The formula to calculate interest rebate is: (n[n+1] ÷ N[N+1]) × Total Terms ChangesWhere, “n” represents the balance loan period in months; “N”represents the original loan period in months; Total Term Charges represents the total amount of interest payable over the loan period.
Interest rebate on the remaining 35 months, according to Rule of 78: = (35[35+1])/(60[60+1]) × $6,250 = $2,151.64
80% of interest rebate = $2,151.64 x 80% = $1,721.31 20% bank fee = $2,151.64 × 20% = $430.33
Calculating the early redemption penalty
Just like the portion from the interest rebate charged as a fee, different lenders may charge different amounts for this early settlement penalty. Since most local banks charge 1% of the total financed amount, we’ll calculate it based on our example above.
1% of total financed amount ($50,000) = $500
Final amount payable
The balance payable for early redemption would be = Remaining instalment amount – 80% of interest rebate + 1% of total financed amount = $32,812.50 – $1,721.31 + $500.00 = $31,591.19
Bear in mind that the final amount payable might differ if you’ve received a rebate for your loan, so always check with your lender on the exact loan redemption amount that you’ll need to pay.
Consider refinancing your car loan
If your current car loan is costing you too much, it’s possible to switch to a loan from a different lender. This can help you save on interest, additional fees and even offer more flexibility with repayments.
Be sure to weigh the costs first, as refinancing could lead to exit fees from your old loan and processing fees for the new one. Compare your options to see if refinancing will help you save money and payoff your car faster.
How to cut down your student debt
There are lots of financial factors that can lead to debt when heading off to college. From student loans, credit cards, personal loans and car loans for students, here’s what you need to know.
Student loan debts
Unless you pay your tuition upfront, you’ll likely be taking out a student loan to help pay for postgraduate studies. Whether it be a government or private student loan, there are a few ways to score better interest rates and get out of debt quicker.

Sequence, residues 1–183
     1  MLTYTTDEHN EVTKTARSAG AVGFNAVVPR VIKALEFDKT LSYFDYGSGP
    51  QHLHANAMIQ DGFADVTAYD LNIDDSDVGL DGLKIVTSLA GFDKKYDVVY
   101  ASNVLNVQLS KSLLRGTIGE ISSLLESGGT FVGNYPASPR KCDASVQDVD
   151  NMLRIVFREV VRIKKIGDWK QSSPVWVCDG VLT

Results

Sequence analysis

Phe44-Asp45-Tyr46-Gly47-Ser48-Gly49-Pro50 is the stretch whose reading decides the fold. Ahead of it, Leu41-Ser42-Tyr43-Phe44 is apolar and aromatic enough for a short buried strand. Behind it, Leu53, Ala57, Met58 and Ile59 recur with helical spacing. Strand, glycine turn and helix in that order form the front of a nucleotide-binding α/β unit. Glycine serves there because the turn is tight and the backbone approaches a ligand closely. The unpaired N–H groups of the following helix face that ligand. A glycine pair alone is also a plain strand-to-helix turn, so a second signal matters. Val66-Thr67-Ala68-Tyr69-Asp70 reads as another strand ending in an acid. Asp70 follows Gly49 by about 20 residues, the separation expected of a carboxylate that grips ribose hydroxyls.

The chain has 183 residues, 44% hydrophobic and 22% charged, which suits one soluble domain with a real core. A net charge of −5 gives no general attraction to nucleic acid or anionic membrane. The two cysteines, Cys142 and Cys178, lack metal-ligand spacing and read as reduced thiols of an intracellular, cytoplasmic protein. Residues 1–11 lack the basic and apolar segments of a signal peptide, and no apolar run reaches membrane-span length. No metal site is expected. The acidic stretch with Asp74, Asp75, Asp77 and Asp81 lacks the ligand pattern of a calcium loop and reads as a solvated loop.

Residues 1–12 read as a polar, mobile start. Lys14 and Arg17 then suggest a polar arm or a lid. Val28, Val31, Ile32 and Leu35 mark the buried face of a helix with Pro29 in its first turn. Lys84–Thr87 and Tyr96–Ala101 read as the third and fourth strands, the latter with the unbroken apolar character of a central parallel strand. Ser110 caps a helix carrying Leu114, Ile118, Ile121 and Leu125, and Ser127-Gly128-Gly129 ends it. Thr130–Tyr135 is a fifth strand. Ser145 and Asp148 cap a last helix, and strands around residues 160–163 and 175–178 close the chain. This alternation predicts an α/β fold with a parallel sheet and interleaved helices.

Refinancing. By refinancing your student loan debt, you are simply taking your original loan and shopping around for better interest rates and payment terms.
Consolidating. Consolidating is essentially the same process as refinancing, except it involves multiple loans. This could simplify two or three different payments into one monthly payment.
Student credit cards
Getting a credit card when you’re a student can help you pay for textbooks, lodging and food. But, if you use the card irresponsibly, it can have a serious impact on your debt. So if you do decide to get a card, use the following tips to manage it responsibly:
Compare cards and choose one with low rates and fees.
Always budget for your repayments.
Aim to pay off the full amount by the due date on your statement.
Only use it when you know you can afford to pay it off by the due date.
How to manage your mortgage
While the dream of owning a home or a bunch of investment properties is very appealing, mortgage repayments can quickly bring us back down to earth. Still, your dream for property can become a reality and stay affordable with the following tips.
Change your payment frequency
Interest on your mortgage is calculated daily and paid monthly. This means you could be able to save some money on interest charges by choosing to pay in biweekly or weekly instalments. Just make sure to check the restrictions and terms based on your payment frequency.